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Ideas for Conversation with adults
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drbux



Joined: 29 Jan 2003
Posts: 6

PostPosted: Mon Feb 03, 2003 7:43 pm    Post subject: Ideas for Conversation with adults Reply with quote

I have a group of 4 adults and we have just started to work with them on conversation - 1 hour a week. Their English could be described as intermediate.

I want students to learn new phrases/verbs etc and apply these in our discussions. I have used some story boards which they have to order and then explain what is going on using the vocabulary I provide them. This sounds great, but in practice, once they had explained the story once, I didn't have a clue how to direct/continue the class to take advantage of the activity or develop it.

I want to structure the class so that it has a direction and that they are learning new words/phrases and then putting them in practice rather than chit chat without an objective.

If you have any useful ideas for conversations, please post a message and let me know.

Thanks again

Mark Buckingham
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Showem



Joined: 22 Jan 2003
Posts: 80

PostPosted: Mon Feb 03, 2003 9:18 pm    Post subject: Reply with quote

Hi Mark,

Your idea for giving a conversation class direction sound great. Provided that's what the students want too. I've found that with adult learners in a private situation (you don't say, but I'll assume that's what it is, otherwise it probably wouldn't be described as a conversation class) they often do just want to practice speaking in a comfortable setting. See what they want first.

A way to give a "chit chat" more direction is to provide the direction not at the beginning, but rather at the end or in the middle. As the conversation develops, write down phrases that would be useful for whatever they happen to be talking about. At some point during the class, present the phrases to the students and get them to try and make sentences using them. Maybe for one st. to use a phrase in a sentence, then someone to respond with another sentence using another phrase. You will have to do some experimentation to see when it works best. Some might want to practice the phrases that week, others might just like to leave with a list of the phrases so they can use them on their own.

Not really what you are asking for, I know, but hopefully useful none the less. I personally prefer it this way because then the conversation flows naturally, rather than within the framework of the set phrases to use.

Andrea
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strider



Joined: 17 Jan 2003
Posts: 160
Location: France

PostPosted: Tue Feb 04, 2003 8:04 am    Post subject: Reply with quote

I like your idea to use storyboards to get people talking!

Here's a couple of ideas to extend the lesson (a lot of this depends on whether your students are ready to 'have a go' or not!)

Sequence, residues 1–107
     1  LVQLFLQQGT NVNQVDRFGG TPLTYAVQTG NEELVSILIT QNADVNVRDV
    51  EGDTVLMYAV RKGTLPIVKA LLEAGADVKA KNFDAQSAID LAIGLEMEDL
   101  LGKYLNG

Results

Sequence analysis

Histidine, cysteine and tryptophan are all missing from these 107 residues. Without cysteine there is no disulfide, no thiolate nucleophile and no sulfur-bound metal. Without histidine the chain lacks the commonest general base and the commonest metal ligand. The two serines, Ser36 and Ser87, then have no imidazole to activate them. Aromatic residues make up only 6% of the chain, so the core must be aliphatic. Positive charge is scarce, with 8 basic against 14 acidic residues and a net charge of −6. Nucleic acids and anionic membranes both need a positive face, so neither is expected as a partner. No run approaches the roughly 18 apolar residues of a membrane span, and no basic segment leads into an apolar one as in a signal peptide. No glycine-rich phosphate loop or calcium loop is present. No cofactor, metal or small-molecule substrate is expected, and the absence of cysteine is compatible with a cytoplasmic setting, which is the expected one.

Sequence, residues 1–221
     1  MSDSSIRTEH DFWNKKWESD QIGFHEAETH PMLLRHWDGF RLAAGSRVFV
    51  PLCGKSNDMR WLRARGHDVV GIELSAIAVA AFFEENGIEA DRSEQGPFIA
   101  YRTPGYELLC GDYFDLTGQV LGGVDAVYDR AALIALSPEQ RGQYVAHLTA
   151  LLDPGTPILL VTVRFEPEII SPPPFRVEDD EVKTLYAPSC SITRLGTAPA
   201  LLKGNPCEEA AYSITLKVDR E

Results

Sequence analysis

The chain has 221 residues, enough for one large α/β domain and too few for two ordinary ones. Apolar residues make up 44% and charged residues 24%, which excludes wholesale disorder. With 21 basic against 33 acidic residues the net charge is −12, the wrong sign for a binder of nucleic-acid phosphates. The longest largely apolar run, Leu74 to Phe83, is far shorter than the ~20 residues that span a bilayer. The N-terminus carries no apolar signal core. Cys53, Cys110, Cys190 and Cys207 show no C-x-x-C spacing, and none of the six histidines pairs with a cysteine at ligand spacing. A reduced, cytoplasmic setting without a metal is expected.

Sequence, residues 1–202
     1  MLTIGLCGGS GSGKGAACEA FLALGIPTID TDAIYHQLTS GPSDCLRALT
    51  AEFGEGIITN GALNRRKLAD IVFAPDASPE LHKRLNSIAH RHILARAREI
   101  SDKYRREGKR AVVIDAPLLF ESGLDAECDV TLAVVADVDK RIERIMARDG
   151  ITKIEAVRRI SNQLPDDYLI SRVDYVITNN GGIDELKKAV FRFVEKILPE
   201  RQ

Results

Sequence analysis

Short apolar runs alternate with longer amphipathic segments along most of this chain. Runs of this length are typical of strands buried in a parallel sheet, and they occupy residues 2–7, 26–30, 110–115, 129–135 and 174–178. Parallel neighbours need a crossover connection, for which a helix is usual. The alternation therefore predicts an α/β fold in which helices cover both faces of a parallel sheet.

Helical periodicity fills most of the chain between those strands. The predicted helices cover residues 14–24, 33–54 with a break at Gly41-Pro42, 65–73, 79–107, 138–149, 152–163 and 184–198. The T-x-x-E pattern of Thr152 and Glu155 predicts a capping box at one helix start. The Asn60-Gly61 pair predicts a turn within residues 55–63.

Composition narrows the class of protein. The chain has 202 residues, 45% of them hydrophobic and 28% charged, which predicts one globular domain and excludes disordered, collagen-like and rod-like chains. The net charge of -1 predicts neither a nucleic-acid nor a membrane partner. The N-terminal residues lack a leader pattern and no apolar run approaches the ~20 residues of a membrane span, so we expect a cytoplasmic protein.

After you get a 'standard' version of the story and everyone has the basic vocab, change the setting of the person who is telling the story. For example, a telling a friend over a drink, telling it as an anecdote to your boss, explaining it to a blind person (who keeps saying things like 'What does it look like?'), retelling the story as a fairy tale to children, etc, etc.

Another way to vary it is to change the method of communication. Try getting the students to tell each other the story back to back (it's not as easy as it sounds!). Then, by phone. Why not get them to write a brief account as an 'e-mail' (on a piece of paper) and then reply to it?

Yet another way to exploit this set up would be to change the grammar. Give each student a time reference (now, yesterday, next year...) and they have to tell the story in the correct tense. If your students are a bit more advanced, try the same idea using reported speech, or use the third conditional to try alternative endings to the story...

Over to you...!
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LarryLatham



Joined: 16 Jan 2003
Posts: 1195
Location: Aguanga, California (near San Diego)

PostPosted: Tue Feb 04, 2003 3:39 pm    Post subject: Reply with quote

Some terrific ideas here!! Very Happy

Larry Latham
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drbux



Joined: 29 Jan 2003
Posts: 6

PostPosted: Thu Feb 13, 2003 5:19 pm    Post subject: Thanks Reply with quote

As Larry said, there were some truly great ideas here which I am incorporating into my conversation classes. Maybe having a clear structure isn't so important as I thought it was.

One useful tip for conversation storyboards is to use cartoon sequences such as those found at www.groovechamber.com. The students have to describe and reconstruct the story after watching it. Another useful source for storyboards can be Mr. Bean films- a short sequence can stimulate story reconstruction activities.

Thanks for your help again

Mark
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sita



Joined: 21 Jan 2003
Posts: 261
Location: Germany

PostPosted: Fri Feb 14, 2003 5:17 am    Post subject: HELP Reply with quote

I have a new conversation class with 20 members
90 minutes- any useful suggestions how to cope with such a large group?

Group work for sure but....

Thanks!
Sita

I mean by the time they have all introdced themselves the lesson is over
Twisted Evil
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Ann



Joined: 02 Feb 2003
Posts: 60

PostPosted: Fri Feb 28, 2003 1:32 am    Post subject: Reply with quote

Depends on how advanced the students are.